Bringing the bullies low
The curious tale of Elliott Johnson tells us something about capitalist society, argues Paul Demarty
Elliott Johnson began the year as an ambitious Tory activist: a very particular phenomenon, a product of (and input to) modern machine politics, a man whose ambitions ran to a front-row seat in the theatre of government.
In death, however, he comes to represent something universal about the human condition in capitalist society. He is every groped secretary, every brutalised squaddie, every cowering schoolyard wimp. The psychological violence inherent in the rigid, Bonapartist hierarchies everywhere in capitalism find themselves expressed in his suicide.
Among the causes of death, suicide is the most straightforwardly loaded with meaning. Someone has chosen to die, in defiance of immediate social taboos and hundreds of millions of years of evolutionary conditioning. Humans seek meaning in tragedy, giving rise to profound theological arguments, trite Hallmark card slogans and everything in between. With suicide, the mystery of existence becomes a very particular one - how did life become so intolerable?
Thankfully, it is traditional to leave an explanatory note. Johnson left three (or four, depending on how you count them): one addressed to his parents (by their first names), another to his “friends and allies”, and finally a brusque sign-off to “bullies and betrayers”. “I could write a hate message,” he wrote, “but actions speak louder than words. I was never one for hate anyway. But I think this should be on your mind.” In this frame of mind, Johnson sat down on a railway track, where he was later hit by a train.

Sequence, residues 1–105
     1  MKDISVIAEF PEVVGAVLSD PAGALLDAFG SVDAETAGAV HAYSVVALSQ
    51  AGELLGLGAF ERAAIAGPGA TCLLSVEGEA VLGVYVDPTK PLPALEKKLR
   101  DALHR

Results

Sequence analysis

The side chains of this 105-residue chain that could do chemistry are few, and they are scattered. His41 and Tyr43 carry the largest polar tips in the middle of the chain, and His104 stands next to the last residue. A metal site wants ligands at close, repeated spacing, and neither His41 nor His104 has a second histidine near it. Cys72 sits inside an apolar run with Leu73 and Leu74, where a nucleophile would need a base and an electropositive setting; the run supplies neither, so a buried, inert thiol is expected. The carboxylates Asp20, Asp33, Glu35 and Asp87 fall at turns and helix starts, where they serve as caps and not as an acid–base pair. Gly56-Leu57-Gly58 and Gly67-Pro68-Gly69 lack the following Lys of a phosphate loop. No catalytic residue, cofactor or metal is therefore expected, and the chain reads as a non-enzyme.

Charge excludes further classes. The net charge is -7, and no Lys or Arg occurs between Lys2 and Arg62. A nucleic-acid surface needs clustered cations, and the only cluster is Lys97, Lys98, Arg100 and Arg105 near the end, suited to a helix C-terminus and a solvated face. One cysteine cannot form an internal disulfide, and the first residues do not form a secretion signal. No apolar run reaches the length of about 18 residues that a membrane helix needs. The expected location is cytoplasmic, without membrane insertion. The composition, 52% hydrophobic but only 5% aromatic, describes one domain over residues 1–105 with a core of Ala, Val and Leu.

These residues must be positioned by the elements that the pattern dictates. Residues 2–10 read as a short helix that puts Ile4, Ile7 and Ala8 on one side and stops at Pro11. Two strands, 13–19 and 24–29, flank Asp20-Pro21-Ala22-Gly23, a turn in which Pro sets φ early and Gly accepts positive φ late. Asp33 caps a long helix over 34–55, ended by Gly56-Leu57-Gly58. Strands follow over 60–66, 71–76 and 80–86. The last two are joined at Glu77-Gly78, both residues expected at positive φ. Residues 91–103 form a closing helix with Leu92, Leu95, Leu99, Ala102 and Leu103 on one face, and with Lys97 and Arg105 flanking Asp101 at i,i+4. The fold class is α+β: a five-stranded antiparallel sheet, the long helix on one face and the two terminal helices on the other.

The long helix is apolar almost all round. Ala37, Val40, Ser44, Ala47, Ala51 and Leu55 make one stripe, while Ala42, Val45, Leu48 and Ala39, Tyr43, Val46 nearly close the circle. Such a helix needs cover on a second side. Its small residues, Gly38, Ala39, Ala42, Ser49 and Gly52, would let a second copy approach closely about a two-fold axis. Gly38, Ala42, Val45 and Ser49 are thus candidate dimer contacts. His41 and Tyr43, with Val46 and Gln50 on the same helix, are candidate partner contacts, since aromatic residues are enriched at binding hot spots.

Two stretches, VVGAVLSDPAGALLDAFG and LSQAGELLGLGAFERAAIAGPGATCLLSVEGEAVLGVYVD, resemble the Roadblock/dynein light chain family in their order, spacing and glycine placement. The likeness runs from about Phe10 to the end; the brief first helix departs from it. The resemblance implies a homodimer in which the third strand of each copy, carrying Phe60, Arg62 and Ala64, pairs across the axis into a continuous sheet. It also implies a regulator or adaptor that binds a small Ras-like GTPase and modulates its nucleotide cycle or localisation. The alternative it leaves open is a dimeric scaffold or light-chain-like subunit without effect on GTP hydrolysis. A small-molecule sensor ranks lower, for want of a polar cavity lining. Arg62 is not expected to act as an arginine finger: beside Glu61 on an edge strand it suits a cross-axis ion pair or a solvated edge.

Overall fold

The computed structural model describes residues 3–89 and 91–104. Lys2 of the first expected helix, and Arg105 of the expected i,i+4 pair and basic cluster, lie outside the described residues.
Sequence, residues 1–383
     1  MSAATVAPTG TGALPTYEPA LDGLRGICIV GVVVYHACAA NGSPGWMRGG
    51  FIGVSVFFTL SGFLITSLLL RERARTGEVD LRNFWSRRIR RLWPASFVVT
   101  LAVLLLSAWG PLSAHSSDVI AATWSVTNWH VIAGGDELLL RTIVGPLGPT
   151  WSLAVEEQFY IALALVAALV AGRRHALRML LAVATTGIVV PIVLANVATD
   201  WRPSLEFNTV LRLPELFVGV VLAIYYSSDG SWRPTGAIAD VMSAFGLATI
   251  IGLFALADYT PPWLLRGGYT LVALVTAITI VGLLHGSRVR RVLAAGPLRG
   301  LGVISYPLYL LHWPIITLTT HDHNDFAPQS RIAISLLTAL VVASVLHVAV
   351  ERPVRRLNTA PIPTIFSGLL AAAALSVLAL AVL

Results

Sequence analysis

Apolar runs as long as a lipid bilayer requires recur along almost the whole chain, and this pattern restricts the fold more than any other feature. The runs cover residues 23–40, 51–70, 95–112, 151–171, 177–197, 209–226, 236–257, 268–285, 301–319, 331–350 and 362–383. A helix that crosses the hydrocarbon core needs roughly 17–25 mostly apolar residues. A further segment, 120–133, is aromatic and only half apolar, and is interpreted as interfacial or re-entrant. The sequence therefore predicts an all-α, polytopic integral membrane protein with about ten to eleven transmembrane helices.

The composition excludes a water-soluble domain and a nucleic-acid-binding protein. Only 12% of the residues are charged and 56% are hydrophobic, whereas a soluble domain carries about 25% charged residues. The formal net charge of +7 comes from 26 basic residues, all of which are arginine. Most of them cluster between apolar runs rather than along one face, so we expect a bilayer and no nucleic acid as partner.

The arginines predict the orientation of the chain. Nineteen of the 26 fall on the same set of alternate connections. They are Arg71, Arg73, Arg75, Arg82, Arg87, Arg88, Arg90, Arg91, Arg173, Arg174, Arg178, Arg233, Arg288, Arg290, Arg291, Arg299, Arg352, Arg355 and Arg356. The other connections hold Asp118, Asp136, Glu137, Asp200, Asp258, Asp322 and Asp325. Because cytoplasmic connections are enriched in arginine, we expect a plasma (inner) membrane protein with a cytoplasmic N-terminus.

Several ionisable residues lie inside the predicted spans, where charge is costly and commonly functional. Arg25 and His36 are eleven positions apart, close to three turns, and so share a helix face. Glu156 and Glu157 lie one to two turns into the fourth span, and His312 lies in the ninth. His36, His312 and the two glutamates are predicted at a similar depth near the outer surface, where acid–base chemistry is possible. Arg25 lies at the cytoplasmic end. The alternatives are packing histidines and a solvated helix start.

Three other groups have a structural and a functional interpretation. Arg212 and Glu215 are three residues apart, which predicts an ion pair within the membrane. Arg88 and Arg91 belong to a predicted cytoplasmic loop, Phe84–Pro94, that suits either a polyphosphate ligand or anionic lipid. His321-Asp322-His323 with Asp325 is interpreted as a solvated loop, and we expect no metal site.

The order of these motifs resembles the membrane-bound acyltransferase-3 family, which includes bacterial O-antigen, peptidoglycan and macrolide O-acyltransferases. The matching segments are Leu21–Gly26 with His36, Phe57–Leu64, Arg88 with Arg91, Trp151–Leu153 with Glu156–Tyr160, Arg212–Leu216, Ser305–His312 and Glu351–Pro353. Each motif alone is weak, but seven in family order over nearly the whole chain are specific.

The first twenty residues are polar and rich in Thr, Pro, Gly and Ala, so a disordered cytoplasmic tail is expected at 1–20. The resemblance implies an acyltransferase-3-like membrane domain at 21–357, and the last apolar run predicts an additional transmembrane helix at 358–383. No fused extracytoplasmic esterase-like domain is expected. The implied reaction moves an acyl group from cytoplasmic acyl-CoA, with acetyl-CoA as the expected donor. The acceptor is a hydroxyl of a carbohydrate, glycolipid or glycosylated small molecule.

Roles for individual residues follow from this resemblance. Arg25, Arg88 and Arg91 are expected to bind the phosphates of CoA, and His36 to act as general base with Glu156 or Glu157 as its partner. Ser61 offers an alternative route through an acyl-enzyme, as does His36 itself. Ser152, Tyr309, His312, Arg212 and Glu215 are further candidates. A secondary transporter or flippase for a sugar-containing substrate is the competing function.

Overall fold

In fairness to him, you cannot argue with results. Johnson’s death has sent the Tories into an acute crisis. The figure at the centre of the story is one Mark Clarke, a Tory activist of some years standing, who ran the Road Trip operation, which dispatched promising young Conservatives up and down the country in May to canvass, compensating for the dwindling and ageing Tory membership. Clarke, according to a flood of allegations (all of which, naturally, he denies), is a bit of a bad egg: a manipulative, ruthless sociopath, who thinks nothing of resorting to bullying and blackmail to get his way.